Tuesday, January 27, 2009

It Doesn't Matter What You Do

My daughter, who is in her late '20's is trying to decide what to do next with her life.  (Aren't we all in some way?)  And I have come to realize that my role as a parent doesn't lie in telling her what to do, but in helping her find new and helpful ways to think about her life.  Sometimes when it seems appropriate I make a little offering.  

The other day I was reading some material from an online Buddhist course I took last year called "Awakening Joy".  A little piece made me think of her.  It was written by the Spirit Rock Buddhist teacher, James Baraz and went like this "When I was younger I faced a crossroads in my life... I didn't know what to do and was afraid of making the wrong decision.  I went to a wise psychic, Reverend Miller...($5 a reading!).  He said that although he wouldn't tell me what to do he did have one piece of advice: it doesn't matter.  My initial response was, "What do you mean it doesn't matter?!   That's my life you're talking about!"  He told me that as long as I was paralyzed with fear over making the wrong decision the benevolent forces of life... couldn't help me along in my journey."  

The full quote I sent my daughter was a bit longer than this but basically it speaks to the issues of faith and movement. We do the best we can and then have faith.  We can't, with our little minds figure it out, no matter how hard we try.  At some point we have to give up that sense of control and take the leap.  It is so easy to be paralyzed by fear and indecision.  I have spent many years living in that little dark house myself so I am well acquainted with it's cobwebbed corners.  And yet only we can open that door and walk out.  I can only knock on her proverbial door and suggest that the weather outside is really quite nice.  

At some point we must draw on our courage.  And I have come to realize that a big part of practice is having courage, to take a step, to say something in a situation where I might normally opt for comfort and quiet.  There is such momentum and energy (chi as traditional Chinese medicine calls it) in taking a step, moving out of the stagnation, the sleepy comfort of inaction that many of us spend our lives in.  We can do it in small ways or big ways and as we do we build new and wholesome habitual tendencies.  We eek out new neural pathways in our brain and ultimately we become a little bit more alive.  We experience the richness of life.  So as I sent off my email I realized as I so often do, that what I was thinking about and saying were things that I needed to hear myself.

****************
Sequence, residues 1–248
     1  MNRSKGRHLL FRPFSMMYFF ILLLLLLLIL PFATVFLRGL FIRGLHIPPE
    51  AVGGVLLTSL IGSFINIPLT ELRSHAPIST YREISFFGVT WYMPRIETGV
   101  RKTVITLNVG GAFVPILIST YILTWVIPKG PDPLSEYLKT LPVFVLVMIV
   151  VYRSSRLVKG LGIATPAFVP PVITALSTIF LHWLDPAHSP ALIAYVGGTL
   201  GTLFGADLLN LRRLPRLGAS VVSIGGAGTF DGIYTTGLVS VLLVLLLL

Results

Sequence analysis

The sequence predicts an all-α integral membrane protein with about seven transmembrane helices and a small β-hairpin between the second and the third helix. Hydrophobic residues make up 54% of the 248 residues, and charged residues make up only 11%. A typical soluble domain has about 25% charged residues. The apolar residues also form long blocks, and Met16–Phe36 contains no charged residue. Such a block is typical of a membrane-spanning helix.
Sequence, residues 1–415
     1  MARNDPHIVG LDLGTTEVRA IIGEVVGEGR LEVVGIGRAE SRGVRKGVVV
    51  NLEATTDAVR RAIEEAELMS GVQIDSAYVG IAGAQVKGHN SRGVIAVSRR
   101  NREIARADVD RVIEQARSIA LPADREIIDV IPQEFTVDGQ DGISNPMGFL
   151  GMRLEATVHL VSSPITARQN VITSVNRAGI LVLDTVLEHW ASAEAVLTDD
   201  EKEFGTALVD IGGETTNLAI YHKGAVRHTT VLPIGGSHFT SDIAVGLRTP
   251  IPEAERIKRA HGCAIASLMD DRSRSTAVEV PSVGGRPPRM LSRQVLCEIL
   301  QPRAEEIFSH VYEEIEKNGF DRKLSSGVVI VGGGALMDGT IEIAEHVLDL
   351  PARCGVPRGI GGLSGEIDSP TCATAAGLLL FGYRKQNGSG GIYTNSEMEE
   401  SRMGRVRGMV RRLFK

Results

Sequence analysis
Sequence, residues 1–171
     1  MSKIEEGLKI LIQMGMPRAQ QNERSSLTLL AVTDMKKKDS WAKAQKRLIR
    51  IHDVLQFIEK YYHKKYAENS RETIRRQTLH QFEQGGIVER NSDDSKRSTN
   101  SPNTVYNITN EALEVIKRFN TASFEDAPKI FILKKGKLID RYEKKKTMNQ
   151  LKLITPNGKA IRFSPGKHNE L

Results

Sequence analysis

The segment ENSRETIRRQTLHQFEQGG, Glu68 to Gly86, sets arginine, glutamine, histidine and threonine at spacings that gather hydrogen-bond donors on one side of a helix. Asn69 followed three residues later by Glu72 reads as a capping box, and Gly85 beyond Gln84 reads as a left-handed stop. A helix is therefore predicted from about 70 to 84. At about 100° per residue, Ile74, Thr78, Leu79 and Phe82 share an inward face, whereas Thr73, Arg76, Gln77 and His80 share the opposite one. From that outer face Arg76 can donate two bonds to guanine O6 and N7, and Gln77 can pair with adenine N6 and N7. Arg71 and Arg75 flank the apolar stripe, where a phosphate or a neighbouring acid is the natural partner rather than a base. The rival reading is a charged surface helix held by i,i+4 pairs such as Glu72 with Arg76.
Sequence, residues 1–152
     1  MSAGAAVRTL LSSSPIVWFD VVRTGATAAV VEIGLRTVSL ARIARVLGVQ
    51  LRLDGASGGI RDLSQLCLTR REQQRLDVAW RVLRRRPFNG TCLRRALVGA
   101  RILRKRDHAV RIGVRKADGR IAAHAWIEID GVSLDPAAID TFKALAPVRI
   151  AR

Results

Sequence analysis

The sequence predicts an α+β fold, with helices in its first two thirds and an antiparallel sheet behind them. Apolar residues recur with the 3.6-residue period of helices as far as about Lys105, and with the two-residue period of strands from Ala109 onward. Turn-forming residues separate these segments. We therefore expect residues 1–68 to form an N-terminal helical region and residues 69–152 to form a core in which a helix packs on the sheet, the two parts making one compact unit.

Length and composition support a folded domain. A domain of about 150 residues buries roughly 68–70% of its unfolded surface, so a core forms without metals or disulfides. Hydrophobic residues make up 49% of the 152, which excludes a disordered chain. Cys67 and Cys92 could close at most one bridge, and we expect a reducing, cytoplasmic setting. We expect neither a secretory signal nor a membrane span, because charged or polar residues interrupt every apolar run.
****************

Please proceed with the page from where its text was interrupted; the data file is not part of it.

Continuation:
In December in the spirit of doing something different and moving the energy, I hosted my first open house/art sale.  I got to see, first hand, how moving a little energy  built on itself.  I found that things that had formerly seemed like a big deal could be done with a light touch and  a "let's see what happens" attitude.  As a result several  pieces of my art work found their way to the e Art Gallery of Greater Victoria's  Christmas show and another few pieces made the trip to another small gallery.  So here's to moving some energy.  And with the beginning of the lunar new year, what better time to rededicate ourselves to this task!


  1. I wish my mother was a bit more like you. Instead of supporting me in my own endeavors, she wants me to do the things she didn't get a chance to in life. I understand her regrets and wanting to make my life better, but I am not her. And I do not have the same yearnings she does. Our relationship is strained because of her overbearing, no matter how I try to let her in. She thinks telling me what to do is the answer. I am trying to convince her I want to make my own mistakes.

  2. You know one of my greatest teachers in my life is my daughter. As a wee babe she had her own ideas. She wanted to wear a baseball hat and I wanted to dress her up like a dolly! I learned from her that she had her own life and ideas, as you are expressing here.

    I have also done a lot of work with my mother, my other great teacher in this life and have found that by saying the difficult thing kindly (making sure I am not coming from a place of anger, which sometimes meant waiting for a long time to say something) But by repeatedly making the effort to let my mother know how it was for me that opened our relationship in a wonderful way.

    I think you have lots to offer your mom and even by showing her how painful her expectations are for you could be helpful. Because the truth in the end is, that as parents we love our children (probably more than anything else in this world) and want the best for them. Sometimes we just get a little confused.